The treadless CST tires (110/80-12 front, 120/80-12 rear) take a lap to warm up, after which grip isn’t an issue. But while grip isn’t in question, the front tire’s odd profile can be off-putting at first. It’s shape is linear from the middle until the three-quarter mark, where it tapers sharply to the edge. Initial lean feels smooth, with an abrupt transition on your way to max lean angle. Adapt to this odd sensation, or lean the bike quickly and pass through the transition point, and you can rail through corners, confident the tires are going to stick.
With little horsepower and sticky tires, maximizing momentum is key. Learning to do so will also help on bigger bikes as well, as evidenced by the efficient riding style of reigning MotoGP champ Jorge Lorenzo (his current form the past few races notwithstanding). Maximizing momentum also means minimizing your use of the brakes. Here the Kayo also makes a great learning tool, but not for the right reasons. Lever feel is solid thanks to the steel-braided lines, but actual braking power feels soft. Usually this is the point where mentioning a different brake pad would solve the problem. But looking at the front brake disc, one can see it’s filled with large holes. Holes may be a trick employed to shave weight, but it seems extreme in this case and drastically reduces the surface area the pads have to create speed-scrubbing friction. Different riders may take this observation, well, differently, but in riding the Kayo, I was forced to efficiently use the brakes instead of relying on them to make a pass while killing corner speed. A good lesson that can be carried over to bigger bikes.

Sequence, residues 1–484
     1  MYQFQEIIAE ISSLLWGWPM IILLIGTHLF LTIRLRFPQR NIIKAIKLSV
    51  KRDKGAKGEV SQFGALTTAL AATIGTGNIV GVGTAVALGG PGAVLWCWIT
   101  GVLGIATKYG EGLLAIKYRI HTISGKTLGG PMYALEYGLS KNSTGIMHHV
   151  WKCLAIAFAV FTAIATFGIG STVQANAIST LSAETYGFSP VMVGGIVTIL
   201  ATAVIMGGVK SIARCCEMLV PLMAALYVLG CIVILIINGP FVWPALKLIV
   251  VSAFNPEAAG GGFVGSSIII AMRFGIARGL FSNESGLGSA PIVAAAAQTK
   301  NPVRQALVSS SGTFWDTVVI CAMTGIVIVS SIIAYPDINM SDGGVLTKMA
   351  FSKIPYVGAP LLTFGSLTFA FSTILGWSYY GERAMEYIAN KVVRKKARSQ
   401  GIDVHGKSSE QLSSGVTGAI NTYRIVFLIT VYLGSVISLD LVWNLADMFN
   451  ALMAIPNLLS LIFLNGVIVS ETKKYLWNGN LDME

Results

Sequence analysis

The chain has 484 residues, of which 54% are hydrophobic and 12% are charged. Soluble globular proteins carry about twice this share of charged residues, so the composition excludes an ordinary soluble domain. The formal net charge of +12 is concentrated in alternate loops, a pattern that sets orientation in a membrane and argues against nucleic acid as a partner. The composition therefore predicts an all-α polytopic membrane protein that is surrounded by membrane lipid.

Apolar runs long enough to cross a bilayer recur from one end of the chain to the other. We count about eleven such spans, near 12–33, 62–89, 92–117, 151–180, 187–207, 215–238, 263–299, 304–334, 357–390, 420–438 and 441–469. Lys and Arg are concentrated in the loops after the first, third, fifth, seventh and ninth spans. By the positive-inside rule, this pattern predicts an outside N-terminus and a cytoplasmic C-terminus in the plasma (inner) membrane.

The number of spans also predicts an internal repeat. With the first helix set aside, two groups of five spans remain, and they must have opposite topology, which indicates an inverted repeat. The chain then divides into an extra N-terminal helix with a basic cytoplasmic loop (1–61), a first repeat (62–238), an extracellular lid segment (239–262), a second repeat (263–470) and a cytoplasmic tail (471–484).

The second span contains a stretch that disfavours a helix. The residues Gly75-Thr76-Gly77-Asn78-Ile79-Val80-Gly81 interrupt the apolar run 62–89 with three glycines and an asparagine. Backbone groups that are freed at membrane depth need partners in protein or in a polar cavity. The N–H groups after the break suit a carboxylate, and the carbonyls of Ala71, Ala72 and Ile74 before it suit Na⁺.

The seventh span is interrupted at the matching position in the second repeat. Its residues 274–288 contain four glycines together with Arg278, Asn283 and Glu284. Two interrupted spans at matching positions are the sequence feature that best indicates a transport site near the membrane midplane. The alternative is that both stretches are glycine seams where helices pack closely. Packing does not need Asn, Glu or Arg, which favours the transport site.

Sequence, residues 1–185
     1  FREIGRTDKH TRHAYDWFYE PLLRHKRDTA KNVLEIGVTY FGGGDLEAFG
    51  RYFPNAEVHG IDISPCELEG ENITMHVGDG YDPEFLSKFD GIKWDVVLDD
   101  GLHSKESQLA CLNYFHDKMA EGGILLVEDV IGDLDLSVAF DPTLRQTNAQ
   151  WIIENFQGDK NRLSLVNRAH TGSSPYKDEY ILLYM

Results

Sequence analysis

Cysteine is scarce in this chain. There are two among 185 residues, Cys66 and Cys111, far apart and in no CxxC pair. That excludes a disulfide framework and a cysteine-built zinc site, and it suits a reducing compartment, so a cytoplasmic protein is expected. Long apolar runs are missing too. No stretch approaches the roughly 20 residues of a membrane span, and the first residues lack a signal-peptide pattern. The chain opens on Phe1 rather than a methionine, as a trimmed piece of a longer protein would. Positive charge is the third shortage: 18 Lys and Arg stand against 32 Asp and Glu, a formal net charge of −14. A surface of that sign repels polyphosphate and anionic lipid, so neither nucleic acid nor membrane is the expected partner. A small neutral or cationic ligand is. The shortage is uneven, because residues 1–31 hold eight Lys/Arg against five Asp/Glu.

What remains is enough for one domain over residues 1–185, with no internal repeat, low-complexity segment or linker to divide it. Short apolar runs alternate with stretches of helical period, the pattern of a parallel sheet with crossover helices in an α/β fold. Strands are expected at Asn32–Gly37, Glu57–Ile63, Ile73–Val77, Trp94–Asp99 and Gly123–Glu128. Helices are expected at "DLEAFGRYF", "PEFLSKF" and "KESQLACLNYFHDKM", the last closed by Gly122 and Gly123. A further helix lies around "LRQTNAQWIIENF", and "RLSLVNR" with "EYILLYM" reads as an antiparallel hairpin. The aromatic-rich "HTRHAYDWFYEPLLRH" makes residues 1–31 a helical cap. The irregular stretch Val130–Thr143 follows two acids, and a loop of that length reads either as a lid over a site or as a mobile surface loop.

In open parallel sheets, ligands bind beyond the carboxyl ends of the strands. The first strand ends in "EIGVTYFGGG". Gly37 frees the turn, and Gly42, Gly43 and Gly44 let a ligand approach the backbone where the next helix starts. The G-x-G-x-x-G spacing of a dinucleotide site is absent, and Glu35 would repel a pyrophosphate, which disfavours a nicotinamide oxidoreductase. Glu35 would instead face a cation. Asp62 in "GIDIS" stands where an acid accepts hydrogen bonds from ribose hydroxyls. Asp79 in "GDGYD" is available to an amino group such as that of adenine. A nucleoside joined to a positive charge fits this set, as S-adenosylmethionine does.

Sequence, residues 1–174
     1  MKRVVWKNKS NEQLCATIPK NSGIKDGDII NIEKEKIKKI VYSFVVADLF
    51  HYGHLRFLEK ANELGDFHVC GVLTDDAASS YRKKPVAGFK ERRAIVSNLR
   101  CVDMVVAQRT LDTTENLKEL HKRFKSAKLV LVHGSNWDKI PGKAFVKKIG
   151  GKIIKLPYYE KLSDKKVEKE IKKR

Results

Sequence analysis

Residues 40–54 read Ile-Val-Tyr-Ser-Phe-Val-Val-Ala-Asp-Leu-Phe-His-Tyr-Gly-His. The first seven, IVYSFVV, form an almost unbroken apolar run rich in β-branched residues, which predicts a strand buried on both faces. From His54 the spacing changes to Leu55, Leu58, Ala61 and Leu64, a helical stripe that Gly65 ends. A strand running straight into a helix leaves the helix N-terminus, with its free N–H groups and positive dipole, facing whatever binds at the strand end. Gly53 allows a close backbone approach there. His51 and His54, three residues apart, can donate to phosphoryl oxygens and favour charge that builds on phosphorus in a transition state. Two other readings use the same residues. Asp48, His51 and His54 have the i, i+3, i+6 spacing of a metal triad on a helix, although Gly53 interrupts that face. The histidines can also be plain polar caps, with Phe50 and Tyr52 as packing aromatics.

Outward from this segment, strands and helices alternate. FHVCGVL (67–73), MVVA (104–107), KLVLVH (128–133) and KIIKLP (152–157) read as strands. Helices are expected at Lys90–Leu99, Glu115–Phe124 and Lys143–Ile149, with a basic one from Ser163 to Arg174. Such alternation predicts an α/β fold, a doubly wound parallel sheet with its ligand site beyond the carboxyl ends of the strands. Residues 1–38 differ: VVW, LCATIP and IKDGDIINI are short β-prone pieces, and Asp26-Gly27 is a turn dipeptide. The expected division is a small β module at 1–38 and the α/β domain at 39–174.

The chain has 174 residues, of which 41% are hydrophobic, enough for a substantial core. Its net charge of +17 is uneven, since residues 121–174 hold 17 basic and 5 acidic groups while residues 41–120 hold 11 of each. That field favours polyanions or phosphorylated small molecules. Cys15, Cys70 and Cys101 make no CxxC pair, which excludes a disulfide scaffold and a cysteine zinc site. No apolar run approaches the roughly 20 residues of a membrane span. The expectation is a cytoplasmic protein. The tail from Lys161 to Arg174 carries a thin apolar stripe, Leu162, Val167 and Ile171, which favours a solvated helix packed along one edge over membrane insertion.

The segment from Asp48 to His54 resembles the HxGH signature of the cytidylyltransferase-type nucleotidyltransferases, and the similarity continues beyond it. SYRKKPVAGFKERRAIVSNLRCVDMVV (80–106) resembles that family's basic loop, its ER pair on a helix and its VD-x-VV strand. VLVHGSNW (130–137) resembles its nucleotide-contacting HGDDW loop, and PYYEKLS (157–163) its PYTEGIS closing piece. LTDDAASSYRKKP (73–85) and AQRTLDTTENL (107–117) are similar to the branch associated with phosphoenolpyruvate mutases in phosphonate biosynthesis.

Getting Old Sucks
Ultimately, my time on the MR125 was cut short due to my bad joints. A knee surgery as a teenager has limited the amount my right knee can bend, and even though the larger seat offers more space, the knee bend from the pegs to the seat was too much for me. After a few sessions the pain couldn’t be ignored. That’s a word of caution to other adults with knee issues.
Otherwise, if your joints are bending properly the Kayo makes a great training tool. Despite my short time with it, remembering to be deliberate with my movements and efficient with my braking are lessons easily transferable to the duties of testing bikes here at MO.
Whether or not the MR125 is right for you is a personal decision, but if you are in the market for a minibike to use as a trainer, consider the time and money it will take to convert a mini motocrosser for tarmac duty. Its suspension will need to be modified, wheels and hubs sourced, and brakes need to be changed as well. With the Kayo, the parts are already there. Only final assembly is necessary, and you’re guided with the help of a detailed manual. However, the converted motocrosser will provide a more upright (and comfortable) riding position if joint pain is a concern.
Not since the NSR50 from Honda has there been such a promising platform for youth racers around the country, and if the Kayo MiniGP series catches on in America as it has in other parts of the world, we hope it’ll help bring a return to prominence of Americans on the Grand Prix scene.